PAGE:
Wednesday, March 12, 2008

Mississippi Decides...

Sen. Obama coasted to a solid victory in Mississippi tonight. He will pick up at least 17 of the state's 33 delegates (compared to Clinton's 11-delegate net gain from last week). In the past week, the final counts of the primaries from past states-- ie. California-- netted Obama more delegates, and it seems official now that Obama can be declared the winner in the Texas caucuses. So not a bad week for Team Obama.

Mother Jones' Jonathan Stein looks at where the race stands after tonight-
MSNBC has projected two things: (1) Obama has won tonight's Mississippi primary and (2) Obama's pledged delegate lead will be 160 at the end of the night. Hillary Clinton will have to win 64% of all remaining pledged delegates in order to finish with the pledged delegate lead. That is, shall we say, highly unlikely.

The Clinton campaign plan, best I can see it, is to downplay Mississippi, play up Pennsylvania and win it, and then take the remainder of the states (potentially including do-overs in Michigan and Florida) by severely tarnishing Obama's luster. Narrow the popular vote to almost nothing, then convince superdelegates that are undecided or that support Obama to choose Clinton because she has won the second half of the primary race. Is that a strategy that is likely to win? No, but it's the best they got.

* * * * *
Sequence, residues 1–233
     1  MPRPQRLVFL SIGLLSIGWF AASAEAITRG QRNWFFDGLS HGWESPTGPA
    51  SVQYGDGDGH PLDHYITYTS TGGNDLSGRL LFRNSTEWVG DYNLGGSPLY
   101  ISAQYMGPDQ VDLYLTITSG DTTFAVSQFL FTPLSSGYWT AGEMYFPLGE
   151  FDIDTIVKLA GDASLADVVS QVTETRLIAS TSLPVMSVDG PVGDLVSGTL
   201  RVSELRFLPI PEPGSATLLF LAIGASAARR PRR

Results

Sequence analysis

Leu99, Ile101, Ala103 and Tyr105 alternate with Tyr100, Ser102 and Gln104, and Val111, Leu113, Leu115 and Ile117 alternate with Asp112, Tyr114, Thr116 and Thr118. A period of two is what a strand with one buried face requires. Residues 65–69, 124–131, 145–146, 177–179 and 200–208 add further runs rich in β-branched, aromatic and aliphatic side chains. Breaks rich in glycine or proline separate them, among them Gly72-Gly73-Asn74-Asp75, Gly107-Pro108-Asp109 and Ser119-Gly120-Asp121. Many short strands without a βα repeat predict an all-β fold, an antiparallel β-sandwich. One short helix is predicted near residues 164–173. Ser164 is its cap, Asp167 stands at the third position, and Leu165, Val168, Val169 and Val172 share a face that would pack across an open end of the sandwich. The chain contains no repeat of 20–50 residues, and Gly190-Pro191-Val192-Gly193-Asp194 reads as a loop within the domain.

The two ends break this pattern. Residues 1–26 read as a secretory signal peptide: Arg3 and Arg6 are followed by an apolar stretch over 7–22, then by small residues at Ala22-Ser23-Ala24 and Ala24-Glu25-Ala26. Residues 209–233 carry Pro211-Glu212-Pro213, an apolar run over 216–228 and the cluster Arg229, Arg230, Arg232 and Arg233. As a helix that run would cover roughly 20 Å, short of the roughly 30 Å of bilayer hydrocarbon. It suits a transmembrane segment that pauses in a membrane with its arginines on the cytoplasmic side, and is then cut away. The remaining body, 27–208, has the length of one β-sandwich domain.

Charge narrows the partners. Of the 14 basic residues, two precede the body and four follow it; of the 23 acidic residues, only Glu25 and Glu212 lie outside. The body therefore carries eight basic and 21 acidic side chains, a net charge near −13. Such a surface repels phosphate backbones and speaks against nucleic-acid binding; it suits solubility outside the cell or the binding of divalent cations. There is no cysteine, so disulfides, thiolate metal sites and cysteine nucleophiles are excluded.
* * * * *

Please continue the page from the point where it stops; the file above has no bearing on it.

Translation? If Obama asks nicely, maybe he can be Hillary's Vice President. Oh, wait.

Finally, I will acknowledge the elephant in the room... former VP candidate, and Clinton fundraiser, Geraldine Ferraro's comment that "If Obama was a white man, he would not be in this position... He happens to be very lucky to be who he is." After this was lambasted by, well, everyone, Ferraro decided to dig in deeper. Giving followup interviews with Fox News and elsewhere, she said "Racism works in two different directions. I really think they're attacking me because I'm white. How's that?". It's bad, ma'am, please stop. Now obviously, subtle racial digs at Obama are nothing new from the Clinton camp, and will continue through Pennsylvania and beyond. But at some point, the Clinton camp has to understand that their scorched-earth tactics will leave them with no ground left to run on.

As for the validity of Ferraro's original point, I'll let Marc Ambinder take this: "Because running as a black guy named Barack Hussein Obama is soooo easy."


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